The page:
It is also interesting to note that those students who are admitted via Purgatory (as well as any other transfer students a university takes) will not count against the university's all-important USNWR college rankings.

So, if there are students they would like to take a chance on, despite lowish SATs and/or class ranks, admitting them as freshman will cost them in the USNWR formulas.

Admitting them as transfers a year later, those students never show up in the USNWR formulas.

Their SATs and class ranks don't get included (because they are transfers, which USNWR doesn't track.)

They also don't count against the university in the USNWR's variable for "percentage of entering freshman who return," because transfers don't count there.

They also don't count against the university in the USNWR's variable for "percentage of students who graduate within six years of entering" because--again, you guessed it--transfers don't count there.
My first thought was that this is being done to keep the dorms full. Those "auxiliary" budgets (which also include athletic fees that these students will pay) can lose money if the number of minimally qualified applicants falls because of a bad football season. Universities without empty dorm rooms already recommend strongly articulated programs at nearby CCs to students who don't make the cut. Ours can even join the band (one dual-enrolled class) but can't live in dorms. And, as noted in the article, no one knows where they actually take their classes if they have the right stickers on their car.

The strongest point of this plan is that they can't join "greek" organizations, although dorm life can bring its own distractions. It would be nice to have a matched control group of students at that CC who live in apartments along with one that is enrolled at UTK. It is supposedly well documented that campus involvement helps retention. This would make a great study population. It is a perfect example of the kind of "experiments" that go on all the time but, as DD noted recently, don't always get properly assessed.
Would it be very hard for a community college to formally create a one-year "top-up" program, the goal of which would be to prepare students with shaky high-school records for four-year colleges? This program could then be judged by what portion of the finishers in fact get admitted to four-year schools.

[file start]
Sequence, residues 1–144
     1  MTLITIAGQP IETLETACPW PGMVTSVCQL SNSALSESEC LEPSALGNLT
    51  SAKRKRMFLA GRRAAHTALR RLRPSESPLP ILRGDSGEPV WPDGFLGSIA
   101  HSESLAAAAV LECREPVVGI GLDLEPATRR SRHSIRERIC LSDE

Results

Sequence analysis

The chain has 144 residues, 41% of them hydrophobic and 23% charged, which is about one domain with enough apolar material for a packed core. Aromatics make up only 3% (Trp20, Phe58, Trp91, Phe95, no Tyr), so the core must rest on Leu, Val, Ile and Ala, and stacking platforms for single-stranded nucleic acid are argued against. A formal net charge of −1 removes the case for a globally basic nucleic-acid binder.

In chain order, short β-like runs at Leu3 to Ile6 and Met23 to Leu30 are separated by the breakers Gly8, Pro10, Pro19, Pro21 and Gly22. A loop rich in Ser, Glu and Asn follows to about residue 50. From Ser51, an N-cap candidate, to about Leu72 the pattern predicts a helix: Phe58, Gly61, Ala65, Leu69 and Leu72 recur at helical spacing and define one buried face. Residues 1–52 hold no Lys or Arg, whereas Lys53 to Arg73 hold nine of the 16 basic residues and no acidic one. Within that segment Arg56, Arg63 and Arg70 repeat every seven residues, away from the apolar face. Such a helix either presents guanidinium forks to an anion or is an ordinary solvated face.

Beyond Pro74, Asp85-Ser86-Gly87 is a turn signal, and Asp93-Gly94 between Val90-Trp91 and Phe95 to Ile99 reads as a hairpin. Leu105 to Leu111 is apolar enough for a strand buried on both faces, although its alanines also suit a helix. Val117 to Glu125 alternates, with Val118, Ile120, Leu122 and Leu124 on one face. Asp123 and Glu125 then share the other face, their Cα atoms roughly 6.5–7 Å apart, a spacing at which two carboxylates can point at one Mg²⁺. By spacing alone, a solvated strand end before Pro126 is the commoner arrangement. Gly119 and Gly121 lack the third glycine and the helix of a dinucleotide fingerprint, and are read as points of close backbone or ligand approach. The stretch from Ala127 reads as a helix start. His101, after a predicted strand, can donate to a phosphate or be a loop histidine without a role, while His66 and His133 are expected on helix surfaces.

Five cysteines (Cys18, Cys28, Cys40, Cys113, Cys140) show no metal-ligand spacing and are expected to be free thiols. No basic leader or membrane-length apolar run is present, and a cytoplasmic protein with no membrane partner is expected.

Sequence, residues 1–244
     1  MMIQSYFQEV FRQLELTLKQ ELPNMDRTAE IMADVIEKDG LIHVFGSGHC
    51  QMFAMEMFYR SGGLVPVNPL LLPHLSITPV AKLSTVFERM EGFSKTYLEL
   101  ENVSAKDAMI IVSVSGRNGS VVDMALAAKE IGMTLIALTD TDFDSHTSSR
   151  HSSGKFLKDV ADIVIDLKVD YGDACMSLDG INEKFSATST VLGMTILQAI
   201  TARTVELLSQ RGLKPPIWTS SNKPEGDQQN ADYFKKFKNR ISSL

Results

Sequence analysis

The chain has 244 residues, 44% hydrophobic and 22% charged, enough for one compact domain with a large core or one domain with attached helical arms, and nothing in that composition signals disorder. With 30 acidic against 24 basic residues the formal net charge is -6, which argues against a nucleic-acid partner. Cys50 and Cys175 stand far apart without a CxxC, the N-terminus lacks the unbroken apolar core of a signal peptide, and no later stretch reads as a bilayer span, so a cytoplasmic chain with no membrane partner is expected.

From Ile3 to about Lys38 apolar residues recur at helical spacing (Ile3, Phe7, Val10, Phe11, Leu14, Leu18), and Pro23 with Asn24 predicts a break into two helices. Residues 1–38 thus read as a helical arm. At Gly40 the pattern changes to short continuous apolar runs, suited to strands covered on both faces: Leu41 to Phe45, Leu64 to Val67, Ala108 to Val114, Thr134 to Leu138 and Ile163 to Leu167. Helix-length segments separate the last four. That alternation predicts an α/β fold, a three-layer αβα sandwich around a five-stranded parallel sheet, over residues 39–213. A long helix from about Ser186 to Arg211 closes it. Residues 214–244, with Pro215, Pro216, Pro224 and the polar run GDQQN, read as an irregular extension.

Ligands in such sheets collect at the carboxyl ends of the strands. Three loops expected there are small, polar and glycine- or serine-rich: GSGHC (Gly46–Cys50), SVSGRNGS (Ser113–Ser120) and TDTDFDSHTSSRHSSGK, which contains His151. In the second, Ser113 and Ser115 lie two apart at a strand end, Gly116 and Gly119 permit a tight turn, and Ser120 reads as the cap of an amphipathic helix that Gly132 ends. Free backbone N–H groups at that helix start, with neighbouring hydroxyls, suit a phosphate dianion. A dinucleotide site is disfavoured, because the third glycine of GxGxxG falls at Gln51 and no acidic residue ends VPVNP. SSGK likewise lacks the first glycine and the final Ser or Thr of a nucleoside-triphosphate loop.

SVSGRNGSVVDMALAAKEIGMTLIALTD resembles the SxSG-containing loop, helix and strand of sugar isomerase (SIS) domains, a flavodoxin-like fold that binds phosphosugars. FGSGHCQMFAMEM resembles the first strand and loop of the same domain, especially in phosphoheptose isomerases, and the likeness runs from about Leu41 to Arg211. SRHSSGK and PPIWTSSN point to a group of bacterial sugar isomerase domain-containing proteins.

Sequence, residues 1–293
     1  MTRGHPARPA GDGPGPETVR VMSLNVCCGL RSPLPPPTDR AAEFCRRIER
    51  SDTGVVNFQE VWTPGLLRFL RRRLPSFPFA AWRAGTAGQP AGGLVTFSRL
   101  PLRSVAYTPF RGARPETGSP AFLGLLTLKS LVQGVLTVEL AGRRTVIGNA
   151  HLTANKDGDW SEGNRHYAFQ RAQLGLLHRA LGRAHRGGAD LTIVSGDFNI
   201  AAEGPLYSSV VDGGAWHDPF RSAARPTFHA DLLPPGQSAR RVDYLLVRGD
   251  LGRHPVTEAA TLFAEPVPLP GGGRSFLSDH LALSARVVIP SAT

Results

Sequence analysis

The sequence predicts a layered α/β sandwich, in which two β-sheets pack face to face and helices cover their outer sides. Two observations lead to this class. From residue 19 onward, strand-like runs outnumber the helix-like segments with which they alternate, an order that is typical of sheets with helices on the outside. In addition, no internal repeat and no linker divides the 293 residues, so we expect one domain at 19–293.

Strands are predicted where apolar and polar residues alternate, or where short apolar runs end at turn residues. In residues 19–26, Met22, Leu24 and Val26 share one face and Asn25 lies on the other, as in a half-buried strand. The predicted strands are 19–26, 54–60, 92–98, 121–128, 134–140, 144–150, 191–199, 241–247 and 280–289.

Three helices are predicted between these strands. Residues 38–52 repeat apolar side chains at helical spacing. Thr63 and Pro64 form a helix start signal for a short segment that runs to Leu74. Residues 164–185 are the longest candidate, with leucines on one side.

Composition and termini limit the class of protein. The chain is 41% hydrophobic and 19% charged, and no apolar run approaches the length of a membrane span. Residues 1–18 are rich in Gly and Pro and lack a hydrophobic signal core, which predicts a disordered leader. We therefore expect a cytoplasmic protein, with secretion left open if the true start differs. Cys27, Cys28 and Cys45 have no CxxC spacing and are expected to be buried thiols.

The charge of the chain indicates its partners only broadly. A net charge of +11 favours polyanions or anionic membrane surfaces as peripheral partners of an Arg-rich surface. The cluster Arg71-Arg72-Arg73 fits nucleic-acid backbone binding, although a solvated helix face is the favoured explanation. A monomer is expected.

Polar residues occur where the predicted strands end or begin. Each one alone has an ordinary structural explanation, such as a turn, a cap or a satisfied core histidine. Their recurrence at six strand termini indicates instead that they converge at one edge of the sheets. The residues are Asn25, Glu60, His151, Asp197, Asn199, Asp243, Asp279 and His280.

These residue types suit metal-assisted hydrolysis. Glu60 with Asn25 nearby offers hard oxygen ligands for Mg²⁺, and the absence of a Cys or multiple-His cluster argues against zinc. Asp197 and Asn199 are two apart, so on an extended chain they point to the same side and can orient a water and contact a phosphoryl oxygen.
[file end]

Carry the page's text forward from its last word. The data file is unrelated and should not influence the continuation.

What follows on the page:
The phenomenon of exploiting loopholes in USNWR ratings by encouraging entry via transfer rather than first year is also growing in law schools.

See here:
My math PhD program had a 'pre-PhD' option which was offered to some applicants who showed promise but who had a weak background for some reason. These students would take undergrad classes instead of grad classes their first year (which would actually be counted as a bonus 'zeroth' year), but otherwise would get an office and TA job and everything else just the same as the regular PhD students (and it was not very public who they were).

It always seemed like a very nice program to me, and I know many other departments do similar things (some more informally than others). This sounds like a similar idea but for undergrads -- I like it!
UT has a reputation as a party school, and while I was going to the rival University of Memphis, I knew a ton of kids who started out at UT, flunked their first year, and had to come back to Memphis if they wanted their parents to pay for college. So this seems like a nice solution to that specific kind of problem.

On a personal note, this is just about the same deal my parents struck with me when I went to college :-)
Law schools exploiting USNWR loopholes? Perish the thought!
NYU does something similar, but within the university itself. The Liberal Studies program is offered to certain applicants who don't quite qualify for the College of Arts & Sciences
My niece is in this program and so far the implementation is falling a bit short. She, along with at least a few others in the program, want to major in a degree that UT either doesn't have or won't admit "transfer" students to. The bridge program students have tried talking to UT faculty about their situation, but faculty have no idea what the program is (though this isn't surprising as it is the first year.) But now the bridge students are wondering why they were admitted to this program at all, since it's now clear to them that UT doesn't or won't offer them the degree they want.
Ben @6:48 -

That party situation was what I was alluding to in my comment @5:47, but I don't know enough about UTK to even guess if dorms and greek housing offer a similar density of distractions.

It is entirely possible that the CC students living in the UTK dorms might do worse than a matched group that lives in apartments (or at home?) while going to the CC, but better than marginal admits who are in the dorms and taking classes at UTK.
Right. It would be interesting to compare the "just under the bar" students who do their first year at CC with the "just over the bar" students who only squeaked into UTK after the end of both their first and second years. Most regional state colleges and even the second tier State U's admit plenty of students who wash out, whether from poor preparation, lesser ability, not enough motivation, partying, or a combination. Parenthetically, parents would think they had died and gone to heaven if something could be done about the partying. I know many who have kept their kids at home by sending them to commuter collges, both 4-year and 2-year.
This is a good idea because in that way students will be able to reach what they want doing their best effort, I think it has been a perfect proposal for them.